Nine Steps to Raising Money-Smart Kids

Nine Steps to Raising Money-Smart Kids

There are many ways to teach your children good money sense. You can tell them stories about how you used to earn, save and spend money all those years ago. You can emphasize how important it is to be careful and wise with their money. However, the bottom line is that experience is the best teacher. The key is to have your children learn by doing.

Here are some ways you can encourage your children to save and manage money. In addition to the short-term benefit — having children who realize that money does not grow on trees — you will be instilling in them financial responsibility they can carry with them through adulthood.

1. Get them interested in money early

When your children are young, teach them how to tell different coins apart. Then give them a piggy bank they can use to store their change. A piggy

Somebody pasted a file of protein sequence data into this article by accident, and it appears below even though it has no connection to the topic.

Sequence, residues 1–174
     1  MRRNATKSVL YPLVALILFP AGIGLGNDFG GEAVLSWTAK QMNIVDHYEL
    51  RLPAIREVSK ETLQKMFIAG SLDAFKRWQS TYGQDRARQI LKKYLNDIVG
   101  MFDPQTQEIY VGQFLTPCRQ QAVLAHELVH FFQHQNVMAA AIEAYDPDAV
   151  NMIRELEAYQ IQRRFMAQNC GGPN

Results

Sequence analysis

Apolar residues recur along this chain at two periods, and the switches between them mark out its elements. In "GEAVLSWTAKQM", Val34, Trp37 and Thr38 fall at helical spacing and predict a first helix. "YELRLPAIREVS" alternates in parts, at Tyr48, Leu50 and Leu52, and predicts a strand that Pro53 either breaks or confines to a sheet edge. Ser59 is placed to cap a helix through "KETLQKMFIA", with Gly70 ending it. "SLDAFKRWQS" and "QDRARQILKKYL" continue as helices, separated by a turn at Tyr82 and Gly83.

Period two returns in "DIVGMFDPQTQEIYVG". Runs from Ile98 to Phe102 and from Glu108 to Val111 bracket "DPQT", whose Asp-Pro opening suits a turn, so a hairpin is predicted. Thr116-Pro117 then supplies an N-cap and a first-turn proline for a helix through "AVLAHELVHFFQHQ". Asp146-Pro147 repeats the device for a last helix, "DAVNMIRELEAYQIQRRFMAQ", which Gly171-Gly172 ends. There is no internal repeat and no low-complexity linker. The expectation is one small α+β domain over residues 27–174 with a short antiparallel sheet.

bank is a tangible place to keep their money safe. Using a clear piggy bank will allow your child to
hear, feel and see the money accumulating. They will come to realize that a little bit in the bank
buys a small treat but a full bank enables them to purchase something special.

When your children are a little older, try playing games to help them understand the difference between needs and wants. When riding past billboards or watching television, ask them to identify whether each product advertised is a need or a want.

2. Make saving a habit

To get children off on the right foot, consider making a house rule to save 10% or more of their income, whether the source of that income is earnings from a neighborhood lemonade stand, their weekly allowance or a part-time job.

If implemented when your child is beginning to learn about money, your plan should not run into much resistance. However, if you do not set